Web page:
The diamond dresser is used in virtually the same way as the star dresser. It can be a little more tricky to get a good dress with a diamond dresser, but when you do, it will a more uniform surface. The diamond dresser needs to traverse slightly faster than you would with a star dresser. The main advantage to the diamond dresser is they tend to last longer and, with practice, will provide an ever so slightly better dress.

Coolant Mix Matters

Grinding coolant typically comes in concentrated form. You mix it with water at the recommended ratio indicated by the manufacturer. Having a proper mix is very important. The coolant not only cools the workpiece and prevents rusting, but it also carries away the stone grit and ground-off material. If your mix is too rich your stone will load up quickly and you will be polishing the workpiece instead of cutting it. If your mix is too lean then your work will get hot and could possibly start a rusting process in the reservoir of the machine.

You can use a refractometer to ensure your mix ration is correct. Water evaporates, so you will have to add more water to your coolant from time to time. But be careful, it’s easy to get lax and end up with a mixture that is too lean if you don’t monitor what you are doing.

Keep your coolant clean! You can use a sludge bag to remove the sludge build-up from the sump every few days or so. Use a deburring stick to remove any rust or burrs from the surface of the flywheel grinding table. Also, clean any remaining debris from the inside cup of the grinding stone after each job.

And lastly, it’s a good idea to periodically change the complete reservoir and start with a fresh batch of coolant mixture. The frequency of your use will determine how often you should do this.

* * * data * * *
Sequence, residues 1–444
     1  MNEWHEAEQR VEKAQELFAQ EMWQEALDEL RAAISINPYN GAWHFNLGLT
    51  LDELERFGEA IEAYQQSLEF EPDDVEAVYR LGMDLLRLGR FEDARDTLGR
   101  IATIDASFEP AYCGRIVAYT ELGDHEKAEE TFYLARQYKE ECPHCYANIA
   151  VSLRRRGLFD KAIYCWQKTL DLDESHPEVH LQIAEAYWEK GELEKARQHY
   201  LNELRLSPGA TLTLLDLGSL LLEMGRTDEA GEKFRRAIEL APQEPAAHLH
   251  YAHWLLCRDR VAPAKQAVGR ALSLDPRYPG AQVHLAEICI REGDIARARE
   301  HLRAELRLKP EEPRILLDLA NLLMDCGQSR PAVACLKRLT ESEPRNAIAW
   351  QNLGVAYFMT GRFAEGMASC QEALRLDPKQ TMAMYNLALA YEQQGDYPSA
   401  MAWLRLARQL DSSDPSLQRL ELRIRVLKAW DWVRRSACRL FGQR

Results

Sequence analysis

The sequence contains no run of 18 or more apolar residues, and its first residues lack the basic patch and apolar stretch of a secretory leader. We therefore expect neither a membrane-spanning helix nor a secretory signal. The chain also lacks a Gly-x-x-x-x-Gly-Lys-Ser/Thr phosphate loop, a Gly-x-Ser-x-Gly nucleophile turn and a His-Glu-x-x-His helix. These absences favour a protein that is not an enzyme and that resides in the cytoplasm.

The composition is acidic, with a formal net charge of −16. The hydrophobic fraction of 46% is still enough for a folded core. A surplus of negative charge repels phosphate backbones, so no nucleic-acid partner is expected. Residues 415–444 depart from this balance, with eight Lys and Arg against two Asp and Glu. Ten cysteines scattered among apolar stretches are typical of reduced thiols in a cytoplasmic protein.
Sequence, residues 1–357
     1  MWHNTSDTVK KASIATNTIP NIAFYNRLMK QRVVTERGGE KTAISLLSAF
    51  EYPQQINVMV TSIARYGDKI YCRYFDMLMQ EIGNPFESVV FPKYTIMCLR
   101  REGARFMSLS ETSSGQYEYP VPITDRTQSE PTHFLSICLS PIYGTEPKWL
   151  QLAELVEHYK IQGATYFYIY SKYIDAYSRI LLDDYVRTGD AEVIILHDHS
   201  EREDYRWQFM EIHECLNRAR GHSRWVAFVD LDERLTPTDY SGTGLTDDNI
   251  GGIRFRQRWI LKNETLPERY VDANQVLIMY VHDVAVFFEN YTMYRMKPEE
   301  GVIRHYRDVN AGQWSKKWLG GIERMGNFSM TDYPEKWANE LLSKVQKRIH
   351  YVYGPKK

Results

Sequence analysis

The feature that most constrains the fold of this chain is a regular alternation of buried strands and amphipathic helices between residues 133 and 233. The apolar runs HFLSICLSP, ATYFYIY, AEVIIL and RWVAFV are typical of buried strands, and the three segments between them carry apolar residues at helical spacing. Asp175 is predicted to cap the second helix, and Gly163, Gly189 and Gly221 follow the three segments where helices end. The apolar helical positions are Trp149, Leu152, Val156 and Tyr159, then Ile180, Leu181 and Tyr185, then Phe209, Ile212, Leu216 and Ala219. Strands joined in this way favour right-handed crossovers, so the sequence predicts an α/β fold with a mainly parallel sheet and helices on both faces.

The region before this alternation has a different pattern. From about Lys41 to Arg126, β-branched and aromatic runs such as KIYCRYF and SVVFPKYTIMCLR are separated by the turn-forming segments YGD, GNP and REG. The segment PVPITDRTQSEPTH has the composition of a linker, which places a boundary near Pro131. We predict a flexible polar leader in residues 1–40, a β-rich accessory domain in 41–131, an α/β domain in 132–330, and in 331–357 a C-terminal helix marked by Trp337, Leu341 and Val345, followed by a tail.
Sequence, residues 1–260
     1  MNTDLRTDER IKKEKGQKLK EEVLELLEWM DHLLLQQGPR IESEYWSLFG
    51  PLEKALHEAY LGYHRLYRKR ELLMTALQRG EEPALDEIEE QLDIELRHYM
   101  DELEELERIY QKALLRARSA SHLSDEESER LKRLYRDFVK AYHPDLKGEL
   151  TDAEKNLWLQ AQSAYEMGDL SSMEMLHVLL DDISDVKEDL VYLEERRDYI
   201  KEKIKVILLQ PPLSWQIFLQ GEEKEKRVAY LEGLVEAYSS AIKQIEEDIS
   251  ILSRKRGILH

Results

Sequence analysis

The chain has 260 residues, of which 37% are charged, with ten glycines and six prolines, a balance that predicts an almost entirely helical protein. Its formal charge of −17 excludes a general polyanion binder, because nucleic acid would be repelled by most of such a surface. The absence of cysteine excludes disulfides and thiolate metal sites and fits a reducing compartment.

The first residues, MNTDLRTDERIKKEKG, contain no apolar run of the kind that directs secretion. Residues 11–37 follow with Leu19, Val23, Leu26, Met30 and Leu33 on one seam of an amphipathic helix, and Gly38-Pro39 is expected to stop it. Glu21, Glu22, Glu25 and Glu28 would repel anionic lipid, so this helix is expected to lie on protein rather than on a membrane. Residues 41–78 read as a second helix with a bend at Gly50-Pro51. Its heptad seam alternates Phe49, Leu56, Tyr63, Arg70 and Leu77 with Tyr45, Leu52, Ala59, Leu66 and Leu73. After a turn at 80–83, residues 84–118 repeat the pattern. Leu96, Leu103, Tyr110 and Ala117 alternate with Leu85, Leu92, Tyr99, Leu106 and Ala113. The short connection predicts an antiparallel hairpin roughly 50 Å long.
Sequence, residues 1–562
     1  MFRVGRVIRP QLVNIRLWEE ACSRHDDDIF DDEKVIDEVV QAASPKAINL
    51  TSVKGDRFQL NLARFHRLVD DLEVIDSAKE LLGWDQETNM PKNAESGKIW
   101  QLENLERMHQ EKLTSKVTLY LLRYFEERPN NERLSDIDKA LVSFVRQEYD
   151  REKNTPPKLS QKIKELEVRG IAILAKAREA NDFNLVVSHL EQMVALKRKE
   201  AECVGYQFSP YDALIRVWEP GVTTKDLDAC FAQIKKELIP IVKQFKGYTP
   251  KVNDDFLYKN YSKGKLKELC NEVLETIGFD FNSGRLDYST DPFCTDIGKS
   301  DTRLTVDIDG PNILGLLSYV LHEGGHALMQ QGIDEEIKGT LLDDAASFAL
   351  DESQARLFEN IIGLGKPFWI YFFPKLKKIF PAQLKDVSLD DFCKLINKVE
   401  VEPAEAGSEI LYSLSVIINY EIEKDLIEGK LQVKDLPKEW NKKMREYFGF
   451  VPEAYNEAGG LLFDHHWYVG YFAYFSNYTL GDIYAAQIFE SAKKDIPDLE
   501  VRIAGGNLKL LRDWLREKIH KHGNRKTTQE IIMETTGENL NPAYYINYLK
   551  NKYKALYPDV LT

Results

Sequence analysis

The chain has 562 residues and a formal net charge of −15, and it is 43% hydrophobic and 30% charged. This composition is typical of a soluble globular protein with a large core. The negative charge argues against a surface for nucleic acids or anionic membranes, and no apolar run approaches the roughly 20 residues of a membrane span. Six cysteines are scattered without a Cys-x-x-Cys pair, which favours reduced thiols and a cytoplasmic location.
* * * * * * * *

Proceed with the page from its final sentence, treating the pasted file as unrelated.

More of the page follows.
A Profitable Operation

Grinding flywheels is an extremely profitable service for your shop. It doesn’t require a skilled machinist, it’s fast and the machine doesn’t take up much floor space. Flywheel Grinders from Van Norman are affordable because in a very short time period your customers will buy the machine for you through the labor dollars it generates.

Don’t Fear the Grind

Flywheel grinding takes very little time. If you aggressively “attack” the flywheel with steady down-feed, using the correct stone, the typical cast iron flywheel will grind in about 15 minutes. A steady, constant down-feed of about .001 per rotation of the flywheel keeps the stone free-cutting and actually works the stone. Meaning it causes the stone to “breakdown” at the correct amount to efficiently unload the material removed from the flywheel along with the fractured stone grains. If you down-feed at the proper rate with the correct stone for the metal being worked, you won’t have to dress the stone during the grinding process.

Dimensions of Stones

When shopping for flywheel stones you will find different sizes and heights and even thicknesses. A taller stone has more usable abrasive and should last longer but could come with a higher price tag. Ultimately it’s up to you to find the best “bang for your buck” when it comes to buying stones. Just remember, matching the stone to the material being ground, dressing the stone correctly, using a good coolant mixed correctly, and feeding the stone aggressively will give you better results, longer stone life and overall lower cost per flywheel ground.